Illinois Public Media News
The Champaign County Board is prepared to take a straw vote Tuesday on whether to close the downtown jail, and expand the satellite facility.
But one activists group is opposed to what's been supported by Republican County Sheriff Dan Walsh and at least one Democratic Board member. County board Democrat Carol Ammons, who's also with CU Citizens for Peace and Justice, contends that the appropriate research hasn't been done.
"This is not a one time (payment) of putting up your building and the costs end," Ammons said. "This is going to be a recurring cost, which is not captured anywhere. That's why we're calling for a real study to be done. Of course, Mr. Betz does not believe that we need to invest any money into a real study. But I beg to differ. You're asking the taxpayers for upwards of $20-million with no actual study."
Ammons was referring to Democrat Tom Betz, who heads the county board's facilities committee. Tuesday night's discussion will focus on an engineer's report that focuses on structural problems with the downtown facility. Ammons also says the county's African-American Community will be adversely affected since more than half of those incarcerated locally are black. She says jail expansion is both a financial and a human development issue, saying expansion 'can't be discussed in a vacuum."
Republican county board member John Jay says he'll need a little more convincing before deciding the downtown jail is unusable. He also questions where the funding for the expansion will come from.
"We have some theories about some bonds coming due that we'll be able to utilize, but all that need to be laid out," Jay said. "I don't think that the amount that we orginally talked about is going to be close enough. The other thing that we really don't know, until we get into the process, what are we looking at? Are we looking at $25 to 35-million? I don't have a clue."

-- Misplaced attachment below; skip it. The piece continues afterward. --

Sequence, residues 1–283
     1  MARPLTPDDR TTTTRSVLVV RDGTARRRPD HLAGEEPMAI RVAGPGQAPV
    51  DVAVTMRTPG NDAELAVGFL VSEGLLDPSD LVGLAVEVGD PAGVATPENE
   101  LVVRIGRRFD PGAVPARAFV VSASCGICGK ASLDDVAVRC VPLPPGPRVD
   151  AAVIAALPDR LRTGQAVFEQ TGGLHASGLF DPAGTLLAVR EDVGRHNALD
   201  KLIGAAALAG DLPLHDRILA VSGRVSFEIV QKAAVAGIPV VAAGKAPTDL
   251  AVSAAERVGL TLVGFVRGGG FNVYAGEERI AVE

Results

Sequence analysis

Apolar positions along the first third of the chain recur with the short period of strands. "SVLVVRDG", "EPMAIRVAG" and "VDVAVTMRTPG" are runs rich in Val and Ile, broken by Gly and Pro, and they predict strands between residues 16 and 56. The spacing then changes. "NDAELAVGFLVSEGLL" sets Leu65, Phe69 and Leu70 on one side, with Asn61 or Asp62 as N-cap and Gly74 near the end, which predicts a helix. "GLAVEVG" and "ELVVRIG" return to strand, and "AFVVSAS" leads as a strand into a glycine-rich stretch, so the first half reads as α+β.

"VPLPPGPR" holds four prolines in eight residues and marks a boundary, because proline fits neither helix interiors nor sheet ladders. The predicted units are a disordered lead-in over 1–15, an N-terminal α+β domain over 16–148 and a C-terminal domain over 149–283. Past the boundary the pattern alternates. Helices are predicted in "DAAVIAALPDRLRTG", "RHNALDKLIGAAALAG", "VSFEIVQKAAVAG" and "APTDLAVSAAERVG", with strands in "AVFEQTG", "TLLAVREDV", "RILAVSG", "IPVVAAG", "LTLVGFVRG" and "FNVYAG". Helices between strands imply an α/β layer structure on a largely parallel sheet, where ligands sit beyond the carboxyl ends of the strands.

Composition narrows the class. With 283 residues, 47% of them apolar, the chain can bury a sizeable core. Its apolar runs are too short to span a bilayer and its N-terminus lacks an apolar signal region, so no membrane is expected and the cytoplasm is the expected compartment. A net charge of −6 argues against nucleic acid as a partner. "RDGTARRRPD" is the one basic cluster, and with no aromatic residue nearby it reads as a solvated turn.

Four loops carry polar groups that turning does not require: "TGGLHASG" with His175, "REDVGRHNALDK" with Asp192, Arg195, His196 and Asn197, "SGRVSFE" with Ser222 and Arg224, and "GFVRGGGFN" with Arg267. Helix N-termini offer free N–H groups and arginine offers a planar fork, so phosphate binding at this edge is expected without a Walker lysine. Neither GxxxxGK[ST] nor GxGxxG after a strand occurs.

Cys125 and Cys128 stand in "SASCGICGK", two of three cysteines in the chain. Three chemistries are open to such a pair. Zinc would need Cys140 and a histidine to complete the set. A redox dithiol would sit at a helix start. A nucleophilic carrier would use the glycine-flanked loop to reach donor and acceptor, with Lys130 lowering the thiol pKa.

The county board study session is at 6 p.m. Tuesday, following a 5:30 press conference from the citizens' group.
(With additional reporting from The Associated Press)
According to a report released Monday by the Civic Federation of Chicago, Illinois' overdue bills will total more than $9 billion this summer, and that number could be nearly four times as much in just five years.
As legislators return to Springfield this week, they're facing a difficult situation. Civic Federation President Laurence Msall said the state must act quickly to solve its fiscal problems.
"There's nothing politically easily left to do in the state of Illinois," Msall said. "The tax increase didn't solve the problem. We're going to have to start to say no and make painful choices."
The Civic Federation suggests cutting retirement benefits for government employees, reducing Medicaid costs and taxing retirement and Social Security income.
A major state-employee union sharply criticized the Civic Federation's recommendations.
The American Federation of State, County and Municipal Employees said the group calls for government workers to make sacrifices but not big corporations or wealthy individuals. It opposes borrowing to pay overdue bills but ignores the impact on businesses and community groups the state is failing to pay, the union said, and the report doesn't make clear that high pension costs are largely a result of the state failing to pay its share in the past.
"The federation's repeated omission of relevant context calls its credibility into question," said an AFSCME statement "Instead this document reads like a series of ideological conclusions searching for factual support."
In a statement, Gov. Pat Quinn's office said employers "need to have a stake'' in paying for teacher retirement costs. The Democratic governor's also says he wants "aggressive restructuring'' of Medicaid, the health program for poor people.
Quinn gives his State of the State address on Wednesday and will formally propose a budget proposal on Feb. 22. He has called for "aggressive restructuring of the Medicaid system," a topic he may discuss in his address. He and legislative leaders have discussed cutting pension benefits for state employees and reducing costs for Medicaid. But it is not clear they will be able to agree on a plan, or whether legislators will be willing to vote for cuts in an election year.
Meanwhile, Illinois regional school superintendents are hoping they're not targets this year in the governor's State of the State address. State funding for Illinois' regional superintendents is being proposed for next fiscal year.